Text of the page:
Henry N. Njuguna, MBChB, MPH
Henry N. Njuguna

ATLANTA — An investigation identified a health care worker who was diverting injectable narcotics for personal use as the likely source of 13 hepatitis C virus infections in an ED in Washington state.

“Drug diversion can be defined as any act or deviation that removes a prescription drug from its intended path from the manufacturer to the patient,” Henry N. Njuguna, MBChB, MPH, a CDC Epidemic Intelligence Officer with the Washington State Department of Health, said. “Health care providers with drug addiction many times inject patients’ drugs for personal use. Cases of drug diversion and infection transmission to patients by heath care providers have been reported.”

Following two reports of acute HCV infection in patients without known risk factors, Washington state began an investigation and identified a woman who had treated both patients and tested positive for HCV antibodies. According to Njugna and colleagues, the woman accessed the automated drug dispensing system more frequently compared with other staff and admitted diverting injectable narcotics, as well as antihistamines, for personal use.

“Our investigation highlights the need to enhance security for automated drug dispensing systems and to actively monitor staff access patterns,” Njuguna said. “When drug diversion is suspected, a thorough investigation should be done to identify patients at risk of infection and interventions to prevent further transmission should be put in place.”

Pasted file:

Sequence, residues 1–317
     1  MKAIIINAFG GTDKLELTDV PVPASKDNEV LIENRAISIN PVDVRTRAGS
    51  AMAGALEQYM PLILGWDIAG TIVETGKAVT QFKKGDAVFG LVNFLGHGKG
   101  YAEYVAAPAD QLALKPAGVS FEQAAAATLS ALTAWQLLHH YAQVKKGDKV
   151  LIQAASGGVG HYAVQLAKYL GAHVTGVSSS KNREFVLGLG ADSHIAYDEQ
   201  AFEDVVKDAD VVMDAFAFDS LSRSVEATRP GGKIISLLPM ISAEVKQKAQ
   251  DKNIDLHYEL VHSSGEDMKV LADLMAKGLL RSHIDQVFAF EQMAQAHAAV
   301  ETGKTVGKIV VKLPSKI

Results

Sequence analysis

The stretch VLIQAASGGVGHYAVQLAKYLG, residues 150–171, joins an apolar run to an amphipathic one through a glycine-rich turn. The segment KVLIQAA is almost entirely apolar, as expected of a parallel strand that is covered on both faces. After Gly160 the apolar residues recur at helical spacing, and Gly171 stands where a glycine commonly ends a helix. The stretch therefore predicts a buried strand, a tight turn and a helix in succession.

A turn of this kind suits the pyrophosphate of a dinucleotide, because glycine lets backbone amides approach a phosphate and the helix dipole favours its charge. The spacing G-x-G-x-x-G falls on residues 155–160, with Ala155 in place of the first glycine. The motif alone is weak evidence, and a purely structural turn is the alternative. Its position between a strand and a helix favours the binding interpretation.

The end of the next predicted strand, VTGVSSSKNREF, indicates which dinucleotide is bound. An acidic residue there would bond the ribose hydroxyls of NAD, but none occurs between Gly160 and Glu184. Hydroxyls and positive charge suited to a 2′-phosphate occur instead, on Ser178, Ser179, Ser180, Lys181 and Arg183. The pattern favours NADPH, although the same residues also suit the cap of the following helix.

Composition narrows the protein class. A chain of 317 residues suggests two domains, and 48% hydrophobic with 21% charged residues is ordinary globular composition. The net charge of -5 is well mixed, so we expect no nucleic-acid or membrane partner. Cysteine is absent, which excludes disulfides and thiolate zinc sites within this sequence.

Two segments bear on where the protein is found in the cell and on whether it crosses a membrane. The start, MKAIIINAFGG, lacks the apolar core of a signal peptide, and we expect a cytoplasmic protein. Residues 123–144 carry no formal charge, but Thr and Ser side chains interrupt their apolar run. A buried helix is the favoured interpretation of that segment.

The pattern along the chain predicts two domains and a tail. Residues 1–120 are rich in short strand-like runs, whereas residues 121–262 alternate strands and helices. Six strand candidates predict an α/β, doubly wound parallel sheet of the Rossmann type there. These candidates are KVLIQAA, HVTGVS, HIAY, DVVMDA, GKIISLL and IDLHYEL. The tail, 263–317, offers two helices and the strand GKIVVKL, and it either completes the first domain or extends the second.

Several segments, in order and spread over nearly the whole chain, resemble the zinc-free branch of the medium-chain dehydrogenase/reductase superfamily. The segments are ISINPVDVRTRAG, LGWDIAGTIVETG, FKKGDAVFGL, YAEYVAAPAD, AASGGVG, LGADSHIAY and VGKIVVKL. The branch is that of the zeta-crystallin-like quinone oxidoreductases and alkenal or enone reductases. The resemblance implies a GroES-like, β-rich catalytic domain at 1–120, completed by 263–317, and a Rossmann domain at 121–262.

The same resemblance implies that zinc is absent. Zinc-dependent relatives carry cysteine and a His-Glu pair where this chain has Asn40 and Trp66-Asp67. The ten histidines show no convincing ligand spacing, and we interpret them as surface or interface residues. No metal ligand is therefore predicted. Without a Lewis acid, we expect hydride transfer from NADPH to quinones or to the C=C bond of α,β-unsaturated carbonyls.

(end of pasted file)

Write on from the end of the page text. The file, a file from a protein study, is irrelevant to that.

To identify potentially exposed patients and treat new infections, Njuguna and colleagues reviewed hospital records for any patients who received injectable narcotics, sedatives or antihistamines in the ED between Aug. 4, 2017, and March 23, 2018. Patients were notified of the potential exposure via mail and were offered free testing for HCV, hepatitis B virus, and HIV.

Njuguna and colleagues identified 2,985 exposed patients, of whom 7% were deceased. They notified the remaining 2,762 living patients who received an injectable drug from the ED. This included 208 patients who were treated by the infected health care provider. According to the study, 67% of all patients were tested, including 84% of patients treated by the infected worker.

Among the patients she treated, 13 tested positive for HVC infection, and all were genetically related. Among those not treated by her, 15 had a current HCV infection but none were genetically related. No patients tested positive for HIV or HBV, and all HCV RNA-positive patients were linked to care, according to the study.

PAGE BREAK

“We had strong epidemiological evidence implicating drug diversion by the nurse as the likely route of transmission,” Njuguna said. “She had accessed the automated drug dispensing system more frequently than other staff working at the ED, she had admitted to diverting patient injectable drugs for personal use, she seroconverted to hepatitis seropositive after a negative test in 2013, and receipt of opioid drug injection from the nurse was the only epidemiologic link between the 13 patients with genetically similar results.” – by Marley Ghizzone

Reference:

Njuguna HN, et al. Hepatitis C virus transmission associated with drug diversion in a local hospital emergency department — Washington State, August 2017–March 2018. Presented at: Epidemic Intelligence Service conference; April 29-May 2, 2019; Atlanta.

Disclosures: The authors report no relevant financial disclosures.

    See more from CDC's Annual Epidemic Intelligence Service Conference